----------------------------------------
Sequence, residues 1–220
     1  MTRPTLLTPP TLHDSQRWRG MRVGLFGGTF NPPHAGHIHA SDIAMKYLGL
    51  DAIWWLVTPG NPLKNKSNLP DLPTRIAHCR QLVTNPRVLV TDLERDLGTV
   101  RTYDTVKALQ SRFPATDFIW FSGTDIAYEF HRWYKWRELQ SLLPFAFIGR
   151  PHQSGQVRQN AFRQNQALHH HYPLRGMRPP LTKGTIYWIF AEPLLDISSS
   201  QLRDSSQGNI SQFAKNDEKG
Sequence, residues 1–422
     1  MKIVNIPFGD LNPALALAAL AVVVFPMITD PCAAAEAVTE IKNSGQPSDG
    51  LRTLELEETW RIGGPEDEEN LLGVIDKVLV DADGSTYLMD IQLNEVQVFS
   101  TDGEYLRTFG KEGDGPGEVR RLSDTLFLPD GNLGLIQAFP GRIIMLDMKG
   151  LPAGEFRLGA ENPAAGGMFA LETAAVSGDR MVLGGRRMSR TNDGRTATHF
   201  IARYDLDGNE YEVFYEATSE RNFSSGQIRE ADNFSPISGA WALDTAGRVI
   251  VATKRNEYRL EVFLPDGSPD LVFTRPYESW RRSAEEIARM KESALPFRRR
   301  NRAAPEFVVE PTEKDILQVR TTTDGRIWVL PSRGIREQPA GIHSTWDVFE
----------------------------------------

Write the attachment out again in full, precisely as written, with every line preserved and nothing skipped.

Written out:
Sequence, residues 1–220
     1  MTRPTLLTPP TLHDSQRWRG MRVGLFGGTF NPPHAGHIHA SDIAMKYLGL
    51  DAIWWLVTPG NPLKNKSNLP DLPTRIAHCR QLVTNPRVLV TDLERDLGTV
   101  RTYDTVKALQ SRFPATDFIW FSGTDIAYEF HRWYKWRELQ SLLPFAFIGR
   151  PHQSGQVRQN AFRQNQALHH HYPLRGMRPP LTKGTIYWIF AEPLLDISSS
   201  QLRDSSQGNI SQFAKNDEKG
Sequence, residues 1–422
     1  MKIVNIPFGD LNPALALAAL AVVVFPMITD PCAAAEAVTE IKNSGQPSDG
    51  LRTLELEETW RIGGPEDEEN LLGVIDKVLV DADGSTYLMD IQLNEVQVFS
   101  TDGEYLRTFG KEGDGPGEVR RLSDTLFLPD GNLGLIQAFP GRIIMLDMKG
   151  LPAGEFRLGA ENPAAGGMFA LETAAVSGDR MVLGGRRMSR TNDGRTATHF
   201  IARYDLDGNE YEVFYEATSE RNFSSGQIRE ADNFSPISGA WALDTAGRVI
   251  VATKRNEYRL EVFLPDGSPD LVFTRPYESW RRSAEEIARM KESALPFRRR
   301  NRAAPEFVVE PTEKDILQVR TTTDGRIWVL PSRGIREQPA GIHSTWDVFE